Like many people, you may have made it through your working years without giving Medicaid eligibility a second thought if you were fortunate enough to be covered under an employer-sponsored or privately purchased health insurance policy. As a senior, however, you may find that eligibility for Medicaid is crucial to help cover the high cost of long-term care. Your eligibility, in turn, will depend on several factors, including the value of your non-exempt assets. The Oklahoma City Medicaid planning attorneys at Parman & Easterday explain what assets count for Medicaid eligibility for seniors.
Why Might I Need To Qualify For Medicaid As A Senior?
Experts tell us that if you are close to retirement age right now (age 65), you stand close to a 70 percent chance of needing some type of long-term care (LTC) services before the end of your lifetime. If you are married, your spouse shares the same odds. If either of you ends up in nursing home care, the cost of that care could put your retirement nest egg at substantial risk unless you planned ahead by including long-term care and Medicaid planning in your comprehensive estate plan. Nationwide, the average cost of a year in LTC for 2017 was over $80,000. If you are an Oklahoma resident, you are fortunate to be facing LTC costs below the national average; however, you can still expect to pay, on average, about $60,000 for a year in LTC. Given that the average duration of a stay in LTC is three years, your total LTC bill could easily exceed $150,000.
What makes the high cost of LTC even more problematic is the fact that neither Medicare nor most health insurance policies will cover LTC expenses. If you did not you purchase a separate LTC insurance policy at an additional expense well ahead of time, you will be forced to pay out of pocket for your LTC expenses – unless you qualify for Medicaid which will cover long-term care expenses. It should come as no surprise that over half of all seniors currently in LTC rely on Medicaid to help cover the cost of their care.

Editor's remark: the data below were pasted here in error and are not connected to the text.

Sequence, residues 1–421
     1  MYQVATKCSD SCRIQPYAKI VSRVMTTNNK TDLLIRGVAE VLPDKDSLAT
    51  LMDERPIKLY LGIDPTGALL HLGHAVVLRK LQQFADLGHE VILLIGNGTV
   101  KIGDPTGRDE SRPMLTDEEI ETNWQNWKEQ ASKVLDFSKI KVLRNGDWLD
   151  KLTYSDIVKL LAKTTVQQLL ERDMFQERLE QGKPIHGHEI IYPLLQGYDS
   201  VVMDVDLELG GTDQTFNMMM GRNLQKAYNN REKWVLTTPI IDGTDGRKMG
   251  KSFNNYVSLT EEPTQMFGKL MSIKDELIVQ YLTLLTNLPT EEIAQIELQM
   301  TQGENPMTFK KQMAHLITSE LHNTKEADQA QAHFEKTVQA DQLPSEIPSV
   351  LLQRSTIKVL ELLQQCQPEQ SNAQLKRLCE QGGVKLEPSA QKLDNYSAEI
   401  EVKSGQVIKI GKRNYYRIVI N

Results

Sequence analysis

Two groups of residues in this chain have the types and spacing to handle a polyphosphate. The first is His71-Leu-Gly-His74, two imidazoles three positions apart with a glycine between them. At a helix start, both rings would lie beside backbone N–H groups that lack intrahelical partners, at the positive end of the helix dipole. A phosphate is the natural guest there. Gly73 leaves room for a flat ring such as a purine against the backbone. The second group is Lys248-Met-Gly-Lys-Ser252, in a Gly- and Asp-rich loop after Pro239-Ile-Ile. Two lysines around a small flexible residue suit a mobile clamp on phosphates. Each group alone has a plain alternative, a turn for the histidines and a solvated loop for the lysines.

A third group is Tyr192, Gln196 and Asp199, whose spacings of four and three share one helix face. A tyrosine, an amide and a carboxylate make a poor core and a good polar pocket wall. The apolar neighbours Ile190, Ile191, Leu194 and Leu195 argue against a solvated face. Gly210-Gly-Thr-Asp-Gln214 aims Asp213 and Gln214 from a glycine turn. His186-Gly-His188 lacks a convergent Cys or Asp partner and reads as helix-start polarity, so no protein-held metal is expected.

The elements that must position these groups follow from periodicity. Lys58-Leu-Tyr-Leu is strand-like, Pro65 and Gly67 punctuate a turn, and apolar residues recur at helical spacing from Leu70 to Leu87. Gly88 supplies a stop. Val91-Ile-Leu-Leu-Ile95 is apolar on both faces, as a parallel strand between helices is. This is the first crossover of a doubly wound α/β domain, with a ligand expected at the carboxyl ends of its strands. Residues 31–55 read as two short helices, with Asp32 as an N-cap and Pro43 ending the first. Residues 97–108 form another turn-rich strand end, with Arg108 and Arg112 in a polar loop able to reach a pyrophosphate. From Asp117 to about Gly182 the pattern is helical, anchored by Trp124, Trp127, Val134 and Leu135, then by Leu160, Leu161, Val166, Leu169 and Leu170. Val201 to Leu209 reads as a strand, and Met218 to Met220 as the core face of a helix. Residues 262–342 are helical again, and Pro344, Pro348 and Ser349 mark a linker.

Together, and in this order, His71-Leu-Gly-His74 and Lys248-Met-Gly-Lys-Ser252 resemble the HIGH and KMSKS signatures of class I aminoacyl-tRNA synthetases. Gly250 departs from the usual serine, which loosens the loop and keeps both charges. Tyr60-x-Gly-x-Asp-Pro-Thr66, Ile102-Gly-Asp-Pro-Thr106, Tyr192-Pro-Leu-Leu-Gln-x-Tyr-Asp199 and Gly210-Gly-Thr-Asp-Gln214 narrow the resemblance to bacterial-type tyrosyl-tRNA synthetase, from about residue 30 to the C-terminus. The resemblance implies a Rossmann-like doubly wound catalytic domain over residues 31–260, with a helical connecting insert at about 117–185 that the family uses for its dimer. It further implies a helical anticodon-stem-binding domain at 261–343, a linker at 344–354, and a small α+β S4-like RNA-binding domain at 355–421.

Qualifying For Medicaid As A Senior – Which Assets Count?
Medicaid is a healthcare program that is primarily funded by the federal government; however, it is administered by the individual states. As such, the eligibility requirements can vary somewhat from state to state. Because Medicaid is a “needs-based” program though, all states impose income and asset limits. To qualify for Medicaid as a senior, your countable assets must not exceed $2,000 if you are applying as an individual. Certain assets are considered exempt, meaning they do not count toward your $2,000 limit. Exempt assets in Oklahoma include:
- One home with an equity limit of $572,000 if one of the following applies:
- You are planning to return to the home
- A spouse, a child under 21, or a disabled person resides in the home
NOTE: In Oklahoma, the home loses its exempt status after the nursing home resident has been in the nursing home for a period of one full year. After one year, the state can then make a claim against it for Medicaid costs spent on the owner’s behalf.
- One automobile, no equity amount specified.
- A burial fund for an applicant and spouse with a value of $1,500 or less, each. If the money is placed in an irrevocable burial trust then $7,500 is exempt.
- Non-saleable property, household furnishings, furniture, clothing, jewelry, and other personal effects are not counted.
- Value of life insurance if face value is $1,500 or less. If it exceeds $1,500 in total face amount, then the cash value in these policies is countable.
Understanding what assets will count and what assets are exempt is imperative when planning ahead for the possibility that you will need to qualify for Medicaid because simply transferring countable resources in anticipation of applying for Medicaid will not work. Medicaid now employs a five-year look-back period that effectively discounts any asset transfers for less than fair market value completed within the five-year period prior to your application.
Contact Oklahoma City Medicaid Planning Attorneys
For additional information, please join us for an upcoming FREE seminar. If you have questions or concerns regarding your ability to qualify for Medicaid, contact the experienced Oklahoma City Medicaid planning attorneys at Parman & Easterday by calling 405-843-6100 or 913-385-9400 to schedule your appointment today.
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